Penguin Books India
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Best known for his immensely popular Feluda mysteries and the adventures of Professor Shonku, Satyajit Ray was also one of the most skilful short story writers of his generation. Ray’s short stories often explore the macabre and the supernatural, and are marked by the sharp characterization and trademark wit that distinguishes his films. This collection brings together Ray’s best short stories—including such timeless gems as ‘Khagam’, ‘Indigo’, ‘Fritz’, ‘Bhuto’, ‘The Pterodactyl’s Egg’, ‘Big Bill’, ‘Patol Babu, Film Star’ and ‘The Hungry Septopus’—which readers of all ages will enjoy.
A collection of forty-nine short stories.
Translated from the Bengali by the author and Gopa Majumdar Satyajit Ray was born on 2 May 1921 in Calcutta. After graduating from Presidency College, Calcutta, in 1940, he studied art at Rabindranath Tagore’s university, Shantiniketan. By 1943, Ray was back in Calcutta and had joined an advertising firm as a visualizer. He also started designing covers and illustrating books brought out by Signet Press. A deep interest in films led to his establishing the Calcutta Film Society in 1947. During a six-month trip to Europe, in 1950, Ray became a member of the London Film Club and managed to see ninety-nine films in only four-and-a-half months.
In 1955, after overcoming innumerable difficulties, Satyajit Ray completed his first film, Pather Panchali, with financial assistance from the West Bengal government. The film was an award-winner at the Cannes Film Festival and established Ray as a director of international stature. Together with Aparajito (The Unvanquished, 1956) and Apur Sansar (The World of Apu, 1959), it forms the Apu trilogy and perhaps constitutes Ray’s finest work. Ray’s other films include Jalsaghar (The Music Room, 1958), Charulata (1964), Aranyer Din Ratri (Days and Nights in the Forest, 1970), Shatranj Ke Khilari (The Chess Players, 1977), Ghare Baire (The Home and the World, 1984), Ganashatru (Enemy of the People, 1989), Shakha Proshakha (Branches of a Tree, 1990), and Agantuk (The Stranger, 1991). Ray also made several documentaries, including one on Tagore. In 1987, he made the documentary Sukumar Ray, to commemorate the birth centenary of his father, perhaps Bengal’s most famous writer of nonsense verse and children’s books. Satyajit Ray won numerous awards for his films. Both the British Federation of Film Societies and the Moscow Film Festival Committee named him one of the greatest directors of the second half of the twentieth century. In 1992, he was awarded the Oscar for Lifetime Achievement by the Academy of Motion Picture Arts and Science and, in the same year, was also honoured with the Bharat Ratna.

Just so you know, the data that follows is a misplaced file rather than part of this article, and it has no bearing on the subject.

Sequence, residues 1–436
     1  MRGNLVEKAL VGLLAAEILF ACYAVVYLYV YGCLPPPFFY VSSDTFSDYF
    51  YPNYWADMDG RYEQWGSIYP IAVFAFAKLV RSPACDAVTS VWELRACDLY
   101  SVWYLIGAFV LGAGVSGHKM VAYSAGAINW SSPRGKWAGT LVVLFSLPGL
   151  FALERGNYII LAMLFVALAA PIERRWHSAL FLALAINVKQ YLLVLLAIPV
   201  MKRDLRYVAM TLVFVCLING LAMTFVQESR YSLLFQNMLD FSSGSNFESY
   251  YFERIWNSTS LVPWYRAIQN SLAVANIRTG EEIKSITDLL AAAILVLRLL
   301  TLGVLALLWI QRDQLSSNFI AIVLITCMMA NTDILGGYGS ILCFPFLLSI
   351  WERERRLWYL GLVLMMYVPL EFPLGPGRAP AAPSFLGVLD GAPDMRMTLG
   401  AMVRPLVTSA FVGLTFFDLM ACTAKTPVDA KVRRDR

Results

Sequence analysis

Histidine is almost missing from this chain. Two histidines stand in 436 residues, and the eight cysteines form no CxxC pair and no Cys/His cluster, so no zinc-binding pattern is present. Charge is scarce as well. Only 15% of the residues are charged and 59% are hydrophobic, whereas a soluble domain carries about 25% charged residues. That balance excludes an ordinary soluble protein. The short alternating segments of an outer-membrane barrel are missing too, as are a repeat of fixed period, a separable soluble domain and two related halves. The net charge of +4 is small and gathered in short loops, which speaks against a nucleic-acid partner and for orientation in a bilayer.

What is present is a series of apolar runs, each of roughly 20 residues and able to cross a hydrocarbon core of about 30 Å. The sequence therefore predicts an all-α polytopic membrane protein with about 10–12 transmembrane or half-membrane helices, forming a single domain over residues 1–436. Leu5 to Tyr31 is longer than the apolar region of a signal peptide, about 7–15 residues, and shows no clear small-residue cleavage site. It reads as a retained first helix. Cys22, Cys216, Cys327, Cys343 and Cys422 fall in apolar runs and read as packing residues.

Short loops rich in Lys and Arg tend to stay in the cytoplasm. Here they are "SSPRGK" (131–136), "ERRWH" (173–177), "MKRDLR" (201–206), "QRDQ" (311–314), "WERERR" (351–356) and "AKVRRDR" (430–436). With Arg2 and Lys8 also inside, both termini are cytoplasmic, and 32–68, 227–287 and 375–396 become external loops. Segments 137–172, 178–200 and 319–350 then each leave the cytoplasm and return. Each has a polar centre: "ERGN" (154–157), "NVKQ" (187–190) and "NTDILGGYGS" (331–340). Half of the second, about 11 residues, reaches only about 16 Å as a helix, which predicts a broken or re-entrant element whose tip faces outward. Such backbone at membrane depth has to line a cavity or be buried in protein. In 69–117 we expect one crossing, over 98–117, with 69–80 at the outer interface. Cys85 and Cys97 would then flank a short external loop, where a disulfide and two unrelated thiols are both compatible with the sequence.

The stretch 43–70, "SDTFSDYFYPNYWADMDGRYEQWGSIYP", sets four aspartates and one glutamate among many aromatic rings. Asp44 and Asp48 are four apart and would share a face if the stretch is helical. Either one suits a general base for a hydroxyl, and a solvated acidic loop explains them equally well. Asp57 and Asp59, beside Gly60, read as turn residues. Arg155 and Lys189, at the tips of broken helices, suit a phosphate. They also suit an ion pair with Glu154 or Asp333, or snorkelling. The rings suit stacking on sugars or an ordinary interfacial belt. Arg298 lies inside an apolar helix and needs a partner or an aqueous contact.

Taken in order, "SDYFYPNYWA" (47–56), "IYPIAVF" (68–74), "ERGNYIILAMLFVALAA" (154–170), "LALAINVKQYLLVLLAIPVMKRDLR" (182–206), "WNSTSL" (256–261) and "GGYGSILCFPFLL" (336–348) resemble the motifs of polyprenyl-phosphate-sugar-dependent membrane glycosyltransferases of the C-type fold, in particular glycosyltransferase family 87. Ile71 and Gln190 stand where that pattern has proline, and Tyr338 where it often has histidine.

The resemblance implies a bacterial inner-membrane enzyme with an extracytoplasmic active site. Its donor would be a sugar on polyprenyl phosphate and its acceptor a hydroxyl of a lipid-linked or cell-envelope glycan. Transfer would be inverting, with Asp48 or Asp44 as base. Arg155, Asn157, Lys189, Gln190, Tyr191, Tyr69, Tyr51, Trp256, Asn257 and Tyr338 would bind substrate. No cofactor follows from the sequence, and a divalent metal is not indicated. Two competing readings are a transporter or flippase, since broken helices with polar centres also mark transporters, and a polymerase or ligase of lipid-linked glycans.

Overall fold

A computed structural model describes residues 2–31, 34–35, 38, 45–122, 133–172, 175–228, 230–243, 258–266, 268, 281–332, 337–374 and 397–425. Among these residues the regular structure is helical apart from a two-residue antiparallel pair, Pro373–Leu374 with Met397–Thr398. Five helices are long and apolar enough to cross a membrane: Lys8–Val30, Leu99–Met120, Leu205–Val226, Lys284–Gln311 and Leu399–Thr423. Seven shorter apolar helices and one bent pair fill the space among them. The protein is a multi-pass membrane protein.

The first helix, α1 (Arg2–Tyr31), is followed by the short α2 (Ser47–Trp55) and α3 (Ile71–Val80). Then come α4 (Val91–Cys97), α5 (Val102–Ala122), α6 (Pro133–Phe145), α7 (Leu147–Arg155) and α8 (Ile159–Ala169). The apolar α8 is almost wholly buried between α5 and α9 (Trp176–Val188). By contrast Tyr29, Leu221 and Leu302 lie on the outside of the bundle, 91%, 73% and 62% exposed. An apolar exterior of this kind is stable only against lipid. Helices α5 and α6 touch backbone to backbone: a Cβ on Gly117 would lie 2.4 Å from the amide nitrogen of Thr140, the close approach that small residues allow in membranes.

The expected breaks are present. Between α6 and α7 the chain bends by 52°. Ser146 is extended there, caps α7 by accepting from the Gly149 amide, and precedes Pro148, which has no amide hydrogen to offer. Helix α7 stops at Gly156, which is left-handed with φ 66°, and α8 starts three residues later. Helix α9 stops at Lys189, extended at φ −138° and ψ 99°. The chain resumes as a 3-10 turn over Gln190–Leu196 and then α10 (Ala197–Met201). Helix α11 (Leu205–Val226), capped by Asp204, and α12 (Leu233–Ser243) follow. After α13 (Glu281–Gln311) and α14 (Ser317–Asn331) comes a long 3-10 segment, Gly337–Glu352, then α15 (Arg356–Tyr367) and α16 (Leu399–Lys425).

Apart from being a film-maker, Satyajit Ray was a writer of repute. In 1961, he revived the children’s magazine, Sandesh, which his grandfather, Upendrakishore Ray, had started and to which his father used to contribute frequently. Satyajit Ray contributed numerous poems, stories and essays to Sandesh, and also published several books in Bengali, most of which became best-sellers. In 1978, Oxford University awarded him its D.Litt degree. Satyajit Ray died in Calcutta in April 1992.